Serbia has been given an approval to construct a part of the Turkish Stream pipeline from the Bulgarian to the Hungarian border under the condition that not only Russian gas is transferred through the pipeline. Political leaders are convinced that the construction will start promptly but the representatives of Gas Associations are less optimistic that it will actually materialize, at least not in the short term since “the Americans will not allow it”. The Turkish Stream project is developed by Gazprom and is considered a substitute for South Stream, which was meant to bring gas to Bulgaria’s Black Sea coast but was blocked by the EU.
The green light was given by the Vienna-based Energy Community, an international organization founded in Greece in 2005, with the mission of expanding the EU’s internal energy market into the Black Sea Region and Southeast Europe. The construction is believed to start in the spring and end by the end of 2019. The cost is estimated at about 1.4 billion euro and the CEO of public company Srbijagas, Dusan Bajatovic, said that Serbia was ready for the project, adding that first batch of €300 million had already been secured.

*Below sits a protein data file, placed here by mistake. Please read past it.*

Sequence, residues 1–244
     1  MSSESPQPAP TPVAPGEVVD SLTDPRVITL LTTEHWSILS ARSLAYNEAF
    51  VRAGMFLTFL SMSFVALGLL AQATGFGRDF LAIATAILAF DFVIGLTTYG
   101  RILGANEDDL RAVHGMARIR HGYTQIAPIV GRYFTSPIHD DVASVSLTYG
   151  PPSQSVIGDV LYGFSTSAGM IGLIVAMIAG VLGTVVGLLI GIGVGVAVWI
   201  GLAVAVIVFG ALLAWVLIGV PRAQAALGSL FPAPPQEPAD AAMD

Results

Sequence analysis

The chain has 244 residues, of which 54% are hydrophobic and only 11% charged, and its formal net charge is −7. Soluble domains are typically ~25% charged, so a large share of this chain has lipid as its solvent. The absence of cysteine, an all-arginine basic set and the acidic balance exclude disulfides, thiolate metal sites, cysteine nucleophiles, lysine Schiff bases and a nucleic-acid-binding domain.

The Turkish Stream will help Russia circumvent transit via Ukraine and will use a route under the Black Sea to deliver more than 30 billion cubic meters of Russian gas to Europe every year. The Serbian regulators asked the Energy Community for an opinion on the project, who issued a statement earlier this month that the pipeline would boost gas supply security but more conditions were presented including opening the pipeline use to other suppliers. The Energy Community Secretariat also confirmed that the additional terms would include the auctioning off of gas and giving access to the pipeline at the Serbian-Hungarian border.